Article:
It seems like there is an embarrassing report about hockey and certain fans every other week. The year started with an unfortunate series of tweets about Team Canada's praised Afro-Canadian goalie at the World Junior Hockey Championship in Russia. The pattern goes like this: "why is there a person of colour on the ice?," "This athlete belongs in... [a different setting/country/continent]," and all unforced errors committed by said visible minority hockey player yield personal attracts about his race rather that his sporting ability. A young Winnipeg Jets athlete mused openly that his foolish behaviour came under gratuitous scrutiny because of his skin colour. The concept has been observed in other spheres, namely the unprecedented examination of President Obama's birth certificate -- a stress test never before imposed on a presidential candidate.
A few weeks later, TSN Sportscentre got its share of disparaging online observations after the TV show featured two visible minorities to host a sports analytics episode. The sports network took a giant leap towards reflecting the diversity of viewership it aims to attract in 2012 when they hired a pair of apt commentators, Gurdeep Ahluwalia and Nabil Karim.
The ensuing Twitter backlash against the two Canadians of South-Asian heritage did not phase the network, as they know that genuine goodness is threatening to those at the opposite end of the moral spectrum. TSN seems willing to lose a few bigot viewers in a bid to stand on the right side of history.
The manner in which Canada's top sports shows have dealt with the recurring issue of racial and ethnic insensitivity merits some contemplation.
While Canada's most-watched sports news and information show, TSN Sportscentre, forges ahead with overt embrace of Canada's emerging tapestry of inclusion, the CBC's top two figureheads seem like they belong in the Mad Men era.
Hockey Night in Canada made its TV debut in 1952. Don Cherry's Coach's Corner features twin torchbearers: the ghosts of winters past. Specifically, Mr. Cherry has garnered a lot of bad karma, and it has nothing to do with his stupendous suit jackets.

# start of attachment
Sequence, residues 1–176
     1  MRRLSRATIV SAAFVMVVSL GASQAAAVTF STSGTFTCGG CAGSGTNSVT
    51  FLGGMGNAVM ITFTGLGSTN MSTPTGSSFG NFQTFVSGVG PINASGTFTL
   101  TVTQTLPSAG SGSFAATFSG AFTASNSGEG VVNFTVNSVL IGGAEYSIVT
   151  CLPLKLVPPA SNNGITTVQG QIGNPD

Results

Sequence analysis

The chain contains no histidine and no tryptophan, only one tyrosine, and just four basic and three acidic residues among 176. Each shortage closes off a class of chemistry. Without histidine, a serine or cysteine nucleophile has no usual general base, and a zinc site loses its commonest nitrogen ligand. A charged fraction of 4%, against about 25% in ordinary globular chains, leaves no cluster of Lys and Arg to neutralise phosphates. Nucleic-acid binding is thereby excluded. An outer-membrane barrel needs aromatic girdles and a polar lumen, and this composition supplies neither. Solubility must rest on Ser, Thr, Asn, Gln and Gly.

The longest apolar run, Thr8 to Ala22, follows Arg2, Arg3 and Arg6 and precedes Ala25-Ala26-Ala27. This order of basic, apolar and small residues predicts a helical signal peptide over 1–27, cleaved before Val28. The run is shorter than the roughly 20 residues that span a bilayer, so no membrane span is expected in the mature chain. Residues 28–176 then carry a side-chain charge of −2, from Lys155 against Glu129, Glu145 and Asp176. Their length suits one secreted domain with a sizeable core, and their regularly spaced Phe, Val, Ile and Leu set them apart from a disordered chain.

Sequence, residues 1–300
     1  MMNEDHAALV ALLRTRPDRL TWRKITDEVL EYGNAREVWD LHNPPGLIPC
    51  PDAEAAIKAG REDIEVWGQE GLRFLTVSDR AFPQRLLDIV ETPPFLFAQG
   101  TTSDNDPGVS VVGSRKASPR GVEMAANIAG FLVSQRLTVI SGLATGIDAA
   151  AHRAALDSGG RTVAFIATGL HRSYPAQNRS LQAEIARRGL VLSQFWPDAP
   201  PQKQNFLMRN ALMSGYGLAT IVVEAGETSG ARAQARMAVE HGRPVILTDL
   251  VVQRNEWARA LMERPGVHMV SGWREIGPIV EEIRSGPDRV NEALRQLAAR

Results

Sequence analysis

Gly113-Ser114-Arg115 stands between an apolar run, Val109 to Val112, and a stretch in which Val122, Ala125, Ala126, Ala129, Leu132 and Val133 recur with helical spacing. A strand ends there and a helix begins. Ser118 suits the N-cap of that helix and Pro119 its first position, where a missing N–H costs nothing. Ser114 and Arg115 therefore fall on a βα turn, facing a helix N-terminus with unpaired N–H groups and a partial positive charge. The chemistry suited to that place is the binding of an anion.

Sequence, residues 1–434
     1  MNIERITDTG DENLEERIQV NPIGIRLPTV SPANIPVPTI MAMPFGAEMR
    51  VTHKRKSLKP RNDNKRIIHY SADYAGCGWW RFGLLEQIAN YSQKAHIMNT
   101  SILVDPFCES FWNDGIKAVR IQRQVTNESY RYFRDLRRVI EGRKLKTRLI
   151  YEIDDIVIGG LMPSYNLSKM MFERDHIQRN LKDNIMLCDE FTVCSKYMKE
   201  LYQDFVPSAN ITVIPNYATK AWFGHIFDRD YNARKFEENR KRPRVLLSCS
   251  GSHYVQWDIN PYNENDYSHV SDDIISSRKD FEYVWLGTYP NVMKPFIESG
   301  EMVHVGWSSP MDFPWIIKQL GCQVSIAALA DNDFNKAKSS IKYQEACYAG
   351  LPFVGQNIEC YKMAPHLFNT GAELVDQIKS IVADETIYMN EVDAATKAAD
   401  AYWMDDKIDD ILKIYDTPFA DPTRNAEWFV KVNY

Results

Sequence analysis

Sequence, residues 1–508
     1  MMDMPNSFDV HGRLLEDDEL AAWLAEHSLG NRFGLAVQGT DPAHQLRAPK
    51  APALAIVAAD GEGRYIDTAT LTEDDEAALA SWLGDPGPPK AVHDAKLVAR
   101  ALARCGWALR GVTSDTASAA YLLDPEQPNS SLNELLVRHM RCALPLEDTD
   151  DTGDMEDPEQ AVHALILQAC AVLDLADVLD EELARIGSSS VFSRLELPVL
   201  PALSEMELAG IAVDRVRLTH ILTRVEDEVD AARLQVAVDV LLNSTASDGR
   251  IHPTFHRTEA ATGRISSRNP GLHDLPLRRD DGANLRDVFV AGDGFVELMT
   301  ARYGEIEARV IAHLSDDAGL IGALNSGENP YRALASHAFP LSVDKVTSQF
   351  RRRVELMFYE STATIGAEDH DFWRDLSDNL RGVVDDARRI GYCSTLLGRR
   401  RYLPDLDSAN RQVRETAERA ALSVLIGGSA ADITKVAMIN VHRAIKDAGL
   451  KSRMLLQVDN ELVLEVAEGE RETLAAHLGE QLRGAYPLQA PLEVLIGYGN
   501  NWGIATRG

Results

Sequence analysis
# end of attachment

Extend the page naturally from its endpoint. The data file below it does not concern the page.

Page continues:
The co-host has repeatedly insulted the federally-funded broadcasters' viewers by denigrating French-Canadians, First Nations and giving favour to violence. Later, Cherry bent over backwards to try to mispronounce PK Subban's name -- a well-rehearsed tactic. Cherry claimed Subban didn't "show enough respect" on the ice. Did the star player of Caribbean descent stand too tall for Cherry's liking?
Cherry's Archie Bunker-era xenophobia drips from his mouth at every opportunity: Russians have no heart, Ovechkin has a "foreign style of play," one which is drenched with negative undertones. Cherry's repeated haterade hat-tricks have irritated NHL clubs as well.
Despite the widening gap between the CBC's well-paid TV anchor and hockey fans' evolving demographics, the taxpayer-subsidized broadcaster clutched the mascot for olden days-bias and intolerance more than a goaltender hugs a goalpost.
While Canada's public broadcaster continues to look for efficiencies in light of their dwindling federal funding, they chose the sale of the iconic HNIC song amid calls of being "hung for treason." The CBC should have kept the feel-good tune and dumped the biggest drain on our national winter sport instead.
Don Cherry's regressive rhetoric betrays Canada's reputation as a nation of inclusiveness and cultural tolerance. While the Harper government sent clear signals on this topic when it repealed portions of Canada's hate speech legislation in the Canadian Human Rights Act (as white supremacist groups cheered with glee), the CBC shouldn't take its position as the national treasure of television to give those beliefs an additional platform.
The Canadian Broadcasting Corporation has tolerated this intolerable treatment for too long. Don Cherry's distasteful diatribes belong in hockey's past, not in the Canadian national pastime's present or future.